Rapid-Action Defence Used By Bacteria

HZI researchers elucidate the mechanism used by yersinia bacteria to quickly evade the attack of the immune system

Die genetische Ausstattung ihres Virulenzplasmids ermöglicht es Bakterien der Gattung Yersinia, die Immunabwehr auszuschalten.© HZI/M. RohdeThe genetic makeup of their virulence plasmid allows bacteria of the Yersinia genus to switch off the immune defence.When bacteria enter the body of a human or animal, they are recognised as foreign matter by the immune system. The immune cells, in turn, try to eliminate these foreign bodies. Scientists of the Helmholtz Centre for Infection Research (HZI) in Braunschweig and their colleagues from the University of Umeå in Sweden recently discovered how Yersinia bacteria manage to kill immune cells at first contact: They multiply the genetic information coding for their pathogenic tools and simultaneously inject substances into the immune cells that rapidly inactivate and kill these cells. The scientists published the results of their cooperation in the prestigious scientific journal Science.

Bacteria of the Yersinia genus can cause serious intestinal disease and even the plague in humans. The genetic information for the tools that make Yersinia bacteria so harmful is situated on a separate DNA molecule, called the virulence plasmid. Without this ring-shaped DNA, which is independent of the other genetic material in the bacterial cell, Yersinia bacteria are completely harmless. The virulence plasmid includes the blueprint for a molecular syringe that is used by the bacteria to inject substances into the host cells to initiate the death of these cells. The researchers already knew that the bacteria produce larger amounts of their molecular syringes during an infection, but the underlying mechanisms were not known in any detail.

To solve this riddle, the researchers working with the head of the department, Hans Wolf-Watz, and Tomas Edgren of the University of Umeå grew the Yersinia pseudotuberculosis pathogen in culture vessels and simulated an infection. They sequenced the entire genetic material of these activated bacteria and compared it to resting bacteria. The result: In the simulated infection, the bacteria all of a sudden had four copies of their virulence plasmid per cell, while just one to two copies per cell are present in the resting state. This was the point at which the HZI researchers working with Petra Dersch, who is the head of the Molecular Infection Biology department, joined the project. They used Yersinia-infected mice to investigate how the increased number of plasmid copies is produced in viable organisms. "The bacteria become real virulent only once they have four plasmid copies," says Dersch. "This is an unprecedented finding and we succeeded to elucidate the underlying mechanism using the latest sequencing technology at the HZI."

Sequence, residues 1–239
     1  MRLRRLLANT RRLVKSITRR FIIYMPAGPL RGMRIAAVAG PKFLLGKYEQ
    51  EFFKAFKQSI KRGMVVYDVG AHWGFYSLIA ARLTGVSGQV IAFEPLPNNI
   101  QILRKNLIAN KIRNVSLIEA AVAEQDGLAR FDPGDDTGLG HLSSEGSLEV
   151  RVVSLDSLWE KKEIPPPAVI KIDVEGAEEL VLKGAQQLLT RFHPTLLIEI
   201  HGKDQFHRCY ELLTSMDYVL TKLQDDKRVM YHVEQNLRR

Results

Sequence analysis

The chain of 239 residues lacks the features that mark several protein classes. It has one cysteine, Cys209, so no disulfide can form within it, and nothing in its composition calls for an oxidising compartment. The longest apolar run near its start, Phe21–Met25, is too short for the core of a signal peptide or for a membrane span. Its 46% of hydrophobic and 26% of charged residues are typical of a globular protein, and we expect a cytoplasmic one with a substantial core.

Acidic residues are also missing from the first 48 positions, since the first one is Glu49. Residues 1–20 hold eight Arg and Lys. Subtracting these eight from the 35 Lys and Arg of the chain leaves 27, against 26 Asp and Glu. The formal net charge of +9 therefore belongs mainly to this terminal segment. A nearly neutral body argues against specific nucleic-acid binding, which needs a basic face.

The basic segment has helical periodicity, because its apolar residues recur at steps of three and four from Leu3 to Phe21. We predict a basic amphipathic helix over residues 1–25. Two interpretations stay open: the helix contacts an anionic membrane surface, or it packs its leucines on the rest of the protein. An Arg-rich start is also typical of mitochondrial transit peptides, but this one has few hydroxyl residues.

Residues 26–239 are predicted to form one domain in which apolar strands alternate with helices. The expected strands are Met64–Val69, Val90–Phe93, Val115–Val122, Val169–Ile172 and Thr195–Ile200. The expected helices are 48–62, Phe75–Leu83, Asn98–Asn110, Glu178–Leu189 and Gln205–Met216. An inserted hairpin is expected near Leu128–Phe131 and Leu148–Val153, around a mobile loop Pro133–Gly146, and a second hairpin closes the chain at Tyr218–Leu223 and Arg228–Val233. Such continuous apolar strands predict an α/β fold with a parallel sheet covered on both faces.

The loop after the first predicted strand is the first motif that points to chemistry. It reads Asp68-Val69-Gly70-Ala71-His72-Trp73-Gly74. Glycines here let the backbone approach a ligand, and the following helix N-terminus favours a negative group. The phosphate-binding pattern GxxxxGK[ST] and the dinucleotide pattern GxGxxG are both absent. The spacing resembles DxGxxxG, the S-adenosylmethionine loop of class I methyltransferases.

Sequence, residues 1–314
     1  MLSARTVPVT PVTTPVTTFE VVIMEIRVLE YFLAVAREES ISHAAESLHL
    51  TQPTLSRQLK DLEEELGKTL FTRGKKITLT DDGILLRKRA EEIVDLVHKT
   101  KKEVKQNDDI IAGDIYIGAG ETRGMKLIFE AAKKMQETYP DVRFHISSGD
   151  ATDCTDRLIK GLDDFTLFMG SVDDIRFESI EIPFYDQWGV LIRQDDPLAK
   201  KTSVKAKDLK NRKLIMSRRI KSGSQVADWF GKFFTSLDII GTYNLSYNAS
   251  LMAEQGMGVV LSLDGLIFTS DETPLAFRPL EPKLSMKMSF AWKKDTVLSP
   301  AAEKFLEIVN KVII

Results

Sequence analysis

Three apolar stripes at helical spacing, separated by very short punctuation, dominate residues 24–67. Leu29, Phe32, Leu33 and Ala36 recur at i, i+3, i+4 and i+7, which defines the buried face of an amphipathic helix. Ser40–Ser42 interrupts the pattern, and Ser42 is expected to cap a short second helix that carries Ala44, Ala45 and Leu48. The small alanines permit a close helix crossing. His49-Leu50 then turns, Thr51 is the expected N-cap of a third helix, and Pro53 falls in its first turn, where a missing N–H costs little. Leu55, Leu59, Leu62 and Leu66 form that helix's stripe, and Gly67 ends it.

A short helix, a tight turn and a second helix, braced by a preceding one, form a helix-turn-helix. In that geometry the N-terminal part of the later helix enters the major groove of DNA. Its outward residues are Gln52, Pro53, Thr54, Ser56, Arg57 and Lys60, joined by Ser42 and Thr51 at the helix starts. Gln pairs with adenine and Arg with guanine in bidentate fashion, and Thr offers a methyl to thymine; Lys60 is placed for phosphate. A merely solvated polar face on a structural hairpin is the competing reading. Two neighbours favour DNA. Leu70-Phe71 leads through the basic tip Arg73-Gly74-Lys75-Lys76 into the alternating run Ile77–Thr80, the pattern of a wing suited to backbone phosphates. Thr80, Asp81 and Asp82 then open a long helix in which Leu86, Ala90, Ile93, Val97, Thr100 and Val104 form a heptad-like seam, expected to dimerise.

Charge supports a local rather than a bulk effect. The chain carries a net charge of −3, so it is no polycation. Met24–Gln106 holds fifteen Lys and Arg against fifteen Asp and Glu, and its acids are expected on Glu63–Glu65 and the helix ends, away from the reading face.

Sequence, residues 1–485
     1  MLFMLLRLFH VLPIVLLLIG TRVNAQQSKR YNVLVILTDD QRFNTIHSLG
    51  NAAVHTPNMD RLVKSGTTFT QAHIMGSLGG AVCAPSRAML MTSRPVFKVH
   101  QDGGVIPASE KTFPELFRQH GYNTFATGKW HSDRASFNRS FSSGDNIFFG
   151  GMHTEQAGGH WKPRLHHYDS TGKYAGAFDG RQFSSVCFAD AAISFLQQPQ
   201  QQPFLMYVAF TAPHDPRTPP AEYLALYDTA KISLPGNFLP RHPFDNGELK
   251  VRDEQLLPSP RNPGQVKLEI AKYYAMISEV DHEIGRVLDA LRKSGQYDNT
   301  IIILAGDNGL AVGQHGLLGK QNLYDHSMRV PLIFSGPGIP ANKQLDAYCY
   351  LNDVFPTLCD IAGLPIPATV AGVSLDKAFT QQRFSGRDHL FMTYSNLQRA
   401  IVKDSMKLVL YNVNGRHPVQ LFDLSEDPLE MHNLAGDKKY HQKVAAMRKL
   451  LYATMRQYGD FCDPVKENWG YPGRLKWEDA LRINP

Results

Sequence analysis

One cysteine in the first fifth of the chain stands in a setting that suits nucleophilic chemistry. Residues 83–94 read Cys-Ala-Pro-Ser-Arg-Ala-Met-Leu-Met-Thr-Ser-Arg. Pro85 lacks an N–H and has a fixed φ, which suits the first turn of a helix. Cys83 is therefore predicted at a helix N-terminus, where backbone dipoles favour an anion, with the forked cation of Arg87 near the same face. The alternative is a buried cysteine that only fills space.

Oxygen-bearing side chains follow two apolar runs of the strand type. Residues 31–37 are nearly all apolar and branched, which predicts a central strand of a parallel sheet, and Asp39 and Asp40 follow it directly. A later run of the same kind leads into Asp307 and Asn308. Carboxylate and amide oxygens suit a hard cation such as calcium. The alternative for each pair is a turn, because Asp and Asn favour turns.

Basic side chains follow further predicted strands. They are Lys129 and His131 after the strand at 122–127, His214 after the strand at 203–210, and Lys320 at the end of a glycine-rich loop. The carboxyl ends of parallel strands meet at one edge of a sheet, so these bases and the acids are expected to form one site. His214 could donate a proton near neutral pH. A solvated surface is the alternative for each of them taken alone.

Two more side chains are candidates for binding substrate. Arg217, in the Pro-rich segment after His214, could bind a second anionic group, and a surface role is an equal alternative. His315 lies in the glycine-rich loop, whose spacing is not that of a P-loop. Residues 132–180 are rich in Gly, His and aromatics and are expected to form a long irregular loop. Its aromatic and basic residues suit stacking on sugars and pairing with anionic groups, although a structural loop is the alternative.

Aaron Nuss, a postdoctoral student in Dersch's department used a very laborious method to isolate all transcripts of the bacterial DNA from the infected mice and then sequenced this material. This kind of transcripts, the so-called RNA, can be used to determine which genes are active and used for the production of proteins at any given time. It was noted that an enzyme called replicase that multiplies the plasmid is one of the proteins produced at higher levels during an infection. In the resting state, the production of this enzyme is limited by certain factors.

But a reverse process takes effect upon contact with an immune cell: The bacteria immediately remove the inhibitory factors and produce more replicase, which then multiplies the virulence plasmid. This is equivalent to the Yersinia bacteria revving up their defence mechanisms, which ultimately kill the immune cell. "The Yersinia bacteria start this program mainly upon contact with immune cells in order to protect themselves from attack as quickly as possible," says Petra Dersch. "They expend so much energy in this process that they even need to arrest their growth temporarily."

The new insights are the result of a close cooperation: Hans Wolf-Watz completed a three-month research visit in Dersch's department in the spring and Tomas Edgren spent two weeks at the HZI. The scientists completed the majority of the investigations on the infected mice during this time. The publication in the scientific journal Science is not the end of this cooperation at all: "We aim to continue to elucidate the mechanisms of the Yersinia infection in our collaborative work, since this may lead us to certain points of attack for potential medications rendering the bacteria harmless," says Petra Dersch.


Original publication:

Increased Plasmid Copy-number is Essential for Yersinia T3SS Function and Virulence: H. Wang, K. Avican, A. Fahlgren, S. Erttmann, A. M. Nuss, P. Dersch, M. Fallman, T. Edgren, H. Wolf-Watz. Science, 2016, DOI: 10.1126/science.aaf7501

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